Monday a report emerged from Lebanese radio station the Voice of Lebanon that Nasrallah had been flown to Tehran for emergency medical treatment for severe cancer-related complications.

A different report from Lebanon claimed that Nasrallah had been flown to Iran after he was wounded in an attack by Syrian rebels during a meeting he was attending. The reports were attributed to “senior Hezbollah officials,” but there were no official confirmation of the reports from any other source. Read more ..


Israel on Edge

Israel's Border Fences Go Hi-Tech

February 26th 2013

Border Fence

The Israeli website I-HLS.COM reports that fifteen soldiers have joined the ranks of the technicians maintaining the advanced fences that protect Israel, following the conclusion of the most recent cycle of the 'Border Alert Systems' training course. These technicians are responsible for hundreds of kilometers of fencing fitted with touch and motion sensors, which protect Israel from threats in Gaza, Judea and Samaria, Lebanon and Sinai.

During the three-week training course, which took place at the Tzrifin training base, the participants learned to recognize every detail of the fences. According to the IDF, before being accepted to the training course, each of the new technicians was evaluated and given a sufficiently high physical profile to serve as a combat soldier who can respond if attacked on the border during a maintenance mission. The training course includes a broad range of content, but the emphasis is on the practical aspect. For that purpose, a fence of several meters was built at the instructional base for participants to practice locating and repairing malfunctions. Read more ..


The Weapon's Edge

Tiny Flybots That can Hover, Stalk and Kill Targets

February 25th 2013

Cyber warriors

The U.S. Air Force is developing tiny unmanned drones that will fly in swarms, hover like bees, crawl like spiders and even sneak up on unsuspecting targets and execute them with lethal precision. The Air Vehicles Directorate, a research arm of the Air Force, has released a computer-animated video outlining the the future capabilities of Micro Air Vehicles (MAVs). The project promises to revolutionize war by down-sizing the combatants.

'MAVs will become a vital element in the ever-changing war-fighting environment and will help ensure success on the battlefield of the future,' the narrator intones. 'Unobtrusive, pervasive, lethal - Micro Air Vehicles, enhancing the capabilities of the future war fighter.' Read more ..


Afganistan on Edge

US, Allies Consider Leaving Up to 12,000 Troops in Afghanistan

February 23rd 2013

Brit with Afghani Soldier

U.S. Defense Secretary Leon Panetta says NATO allies are considering leaving between 8,000 and 12,000 international troops in Afghanistan after 2014. The force would be left to help Afghans maintain stability in the country after most international troops pull out by the end of 2014.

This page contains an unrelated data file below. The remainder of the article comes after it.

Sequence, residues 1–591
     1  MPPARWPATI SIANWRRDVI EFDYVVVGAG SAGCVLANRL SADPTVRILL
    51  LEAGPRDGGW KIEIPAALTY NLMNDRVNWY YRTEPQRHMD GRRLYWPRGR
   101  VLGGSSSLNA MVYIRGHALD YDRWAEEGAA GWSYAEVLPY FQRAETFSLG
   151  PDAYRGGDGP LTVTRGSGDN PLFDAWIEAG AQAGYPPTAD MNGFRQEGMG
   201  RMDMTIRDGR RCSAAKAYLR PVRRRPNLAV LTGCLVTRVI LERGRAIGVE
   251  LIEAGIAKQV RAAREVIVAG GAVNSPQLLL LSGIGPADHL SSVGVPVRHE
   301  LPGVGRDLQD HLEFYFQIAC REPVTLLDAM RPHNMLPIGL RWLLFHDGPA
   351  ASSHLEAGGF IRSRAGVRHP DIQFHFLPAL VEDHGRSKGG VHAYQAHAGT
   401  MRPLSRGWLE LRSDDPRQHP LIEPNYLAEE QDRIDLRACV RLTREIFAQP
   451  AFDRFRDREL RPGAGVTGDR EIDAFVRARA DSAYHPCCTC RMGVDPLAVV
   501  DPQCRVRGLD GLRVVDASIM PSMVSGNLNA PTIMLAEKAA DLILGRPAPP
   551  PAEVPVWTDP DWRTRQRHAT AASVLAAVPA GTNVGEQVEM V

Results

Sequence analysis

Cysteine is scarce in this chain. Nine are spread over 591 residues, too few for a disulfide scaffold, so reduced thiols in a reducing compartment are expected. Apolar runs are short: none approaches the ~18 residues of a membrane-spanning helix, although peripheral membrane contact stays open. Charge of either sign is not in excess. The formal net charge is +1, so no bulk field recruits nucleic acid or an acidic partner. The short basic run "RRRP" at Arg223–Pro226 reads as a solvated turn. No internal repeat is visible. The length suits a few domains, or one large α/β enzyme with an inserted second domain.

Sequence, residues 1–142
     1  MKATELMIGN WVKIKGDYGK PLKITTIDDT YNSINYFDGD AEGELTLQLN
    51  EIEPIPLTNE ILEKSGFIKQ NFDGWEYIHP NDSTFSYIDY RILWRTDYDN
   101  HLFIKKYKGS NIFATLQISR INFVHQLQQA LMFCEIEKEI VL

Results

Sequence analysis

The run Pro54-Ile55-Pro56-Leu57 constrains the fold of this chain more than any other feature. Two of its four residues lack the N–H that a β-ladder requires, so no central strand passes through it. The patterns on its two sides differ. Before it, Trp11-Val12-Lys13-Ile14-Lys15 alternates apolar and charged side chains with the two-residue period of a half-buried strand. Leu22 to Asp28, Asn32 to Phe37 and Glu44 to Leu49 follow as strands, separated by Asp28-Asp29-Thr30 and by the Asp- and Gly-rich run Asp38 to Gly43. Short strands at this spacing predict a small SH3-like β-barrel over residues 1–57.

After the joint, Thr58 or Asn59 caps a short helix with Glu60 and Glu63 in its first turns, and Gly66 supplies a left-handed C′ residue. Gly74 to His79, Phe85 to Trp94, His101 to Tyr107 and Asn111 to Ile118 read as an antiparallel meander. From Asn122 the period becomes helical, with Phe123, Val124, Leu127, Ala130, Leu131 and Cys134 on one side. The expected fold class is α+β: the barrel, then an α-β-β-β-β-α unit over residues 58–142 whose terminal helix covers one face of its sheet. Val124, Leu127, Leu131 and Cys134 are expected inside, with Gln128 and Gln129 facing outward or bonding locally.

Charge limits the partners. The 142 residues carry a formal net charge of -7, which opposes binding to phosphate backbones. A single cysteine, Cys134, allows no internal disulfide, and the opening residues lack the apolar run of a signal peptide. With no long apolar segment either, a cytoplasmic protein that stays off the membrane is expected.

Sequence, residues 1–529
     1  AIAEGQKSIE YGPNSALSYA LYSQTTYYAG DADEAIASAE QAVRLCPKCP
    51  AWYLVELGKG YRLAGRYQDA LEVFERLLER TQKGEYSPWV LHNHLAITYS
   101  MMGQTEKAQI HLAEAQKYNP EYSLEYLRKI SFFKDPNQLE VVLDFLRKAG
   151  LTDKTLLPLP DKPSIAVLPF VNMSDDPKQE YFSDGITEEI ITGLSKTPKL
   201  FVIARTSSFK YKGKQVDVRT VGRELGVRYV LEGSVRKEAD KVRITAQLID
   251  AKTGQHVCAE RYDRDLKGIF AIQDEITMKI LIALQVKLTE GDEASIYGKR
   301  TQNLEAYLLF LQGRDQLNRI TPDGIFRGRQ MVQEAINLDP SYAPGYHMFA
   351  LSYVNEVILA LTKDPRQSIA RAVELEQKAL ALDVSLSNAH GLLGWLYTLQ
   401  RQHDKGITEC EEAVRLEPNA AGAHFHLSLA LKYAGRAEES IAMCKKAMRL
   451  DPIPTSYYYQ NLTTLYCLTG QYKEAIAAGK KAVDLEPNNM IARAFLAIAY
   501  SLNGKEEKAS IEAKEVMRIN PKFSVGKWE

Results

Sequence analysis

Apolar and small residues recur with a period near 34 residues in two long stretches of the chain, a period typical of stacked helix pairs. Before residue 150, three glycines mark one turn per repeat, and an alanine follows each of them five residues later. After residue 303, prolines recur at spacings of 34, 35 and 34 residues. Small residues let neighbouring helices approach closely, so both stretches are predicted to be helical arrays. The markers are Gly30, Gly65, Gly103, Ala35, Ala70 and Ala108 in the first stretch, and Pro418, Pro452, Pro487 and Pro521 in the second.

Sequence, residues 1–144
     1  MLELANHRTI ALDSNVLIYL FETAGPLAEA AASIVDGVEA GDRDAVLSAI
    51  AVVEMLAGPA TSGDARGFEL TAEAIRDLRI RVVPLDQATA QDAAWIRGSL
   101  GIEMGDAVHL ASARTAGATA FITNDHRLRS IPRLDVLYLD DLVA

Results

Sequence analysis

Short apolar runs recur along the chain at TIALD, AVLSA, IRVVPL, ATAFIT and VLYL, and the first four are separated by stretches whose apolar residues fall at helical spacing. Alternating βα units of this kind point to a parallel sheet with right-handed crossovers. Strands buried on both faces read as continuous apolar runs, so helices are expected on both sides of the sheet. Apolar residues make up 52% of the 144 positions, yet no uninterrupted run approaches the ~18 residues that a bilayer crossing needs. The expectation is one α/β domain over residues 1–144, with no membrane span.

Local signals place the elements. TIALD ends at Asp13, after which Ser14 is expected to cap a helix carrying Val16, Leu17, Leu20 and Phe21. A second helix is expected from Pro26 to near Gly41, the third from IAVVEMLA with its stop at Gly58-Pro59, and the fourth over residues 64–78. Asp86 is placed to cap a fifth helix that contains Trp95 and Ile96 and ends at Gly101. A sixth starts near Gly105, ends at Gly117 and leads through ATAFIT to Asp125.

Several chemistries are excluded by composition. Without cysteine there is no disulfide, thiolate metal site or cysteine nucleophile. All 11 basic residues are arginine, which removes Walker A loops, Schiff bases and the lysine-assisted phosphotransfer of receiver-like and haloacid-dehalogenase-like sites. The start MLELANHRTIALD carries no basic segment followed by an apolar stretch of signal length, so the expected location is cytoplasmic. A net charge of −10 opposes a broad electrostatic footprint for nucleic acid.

The U.S. has said it has made no decision yet on how many of its troops will stay. Germany's defense minister offered a differing account, telling reporters Friday that U.S. Defense Secretary Leon Panetta had mentioned 8,000 to 12,000 U.S. troops would remain. 

At a briefing before boarding his flight back to Washington, Panetta countered those remarks. “That report is not correct. We did discuss a range of options and what we discussed was a range of options that would be directed to the NATO force overall, which includes both the U.S. force contribution that we would make, plus what other NATO countries would contribute as well,” said Panetta. U.S. officials say the range of international troops to remain - including Americans - is between 8,000 and 12,000. Read more ..


The Cyber Edge

U.S. Eases Visa Process For Chinese Despite Cyber Attacks

February 22nd 2013

China-Internet-Users

On the same day that a report revealed that Chinese military officials perpetrated the cyber theft of an enormous amount of U.S. government confidential information and private corporate trade secrets, the Obama administration on Wednesday announced it will make it easier for Chinese citizens to obtain American visas. According to officials familiar with the plans, the White House released a new report on Wednesday that describes steps the U.S. military, intelligence community, law enforcement agencies and private-sector security directors may take to turn the tide against cyber stealing linked to the Chinese government.

At the same time the U.S. State Department is planning to launch a new application policy for non-immigrant visa applicants from China in spite of the cyberterrorism and corporate espionage alledgedly perpetrated by the Chinese government. Read more ..


The Battle for Syria

Jihadist Suspected in Damascus Car Bombing

February 21st 2013

Car Bomb

More than 50 people died when a car bomb exploded in the Mazraa neighborhood of Damascus on Thursday. Syrian state TV reported 200 people were injured from the blast close to the city center. Opposition activists and local residents also report three more bombings in Damascus that day and a mortar attack on the Syrian Army's General staff headquarters.

Bystanders described the bomb exploding at a security checkpoint between the ruling Ba'ath party headquarters and the Russian embassy. "Everything in the shop turned upside down" said one witness with the windows at the Russian Embassy also blown out. Free Syrian Army (FSA) spokesman Hussam Nassar denied the main rebel group played a role in the attack. Targeting a checkpoint near schools and hospitals was inappropriate he said, blaming the attack on the Syrian government. Read more ..


Israel's Next Northern War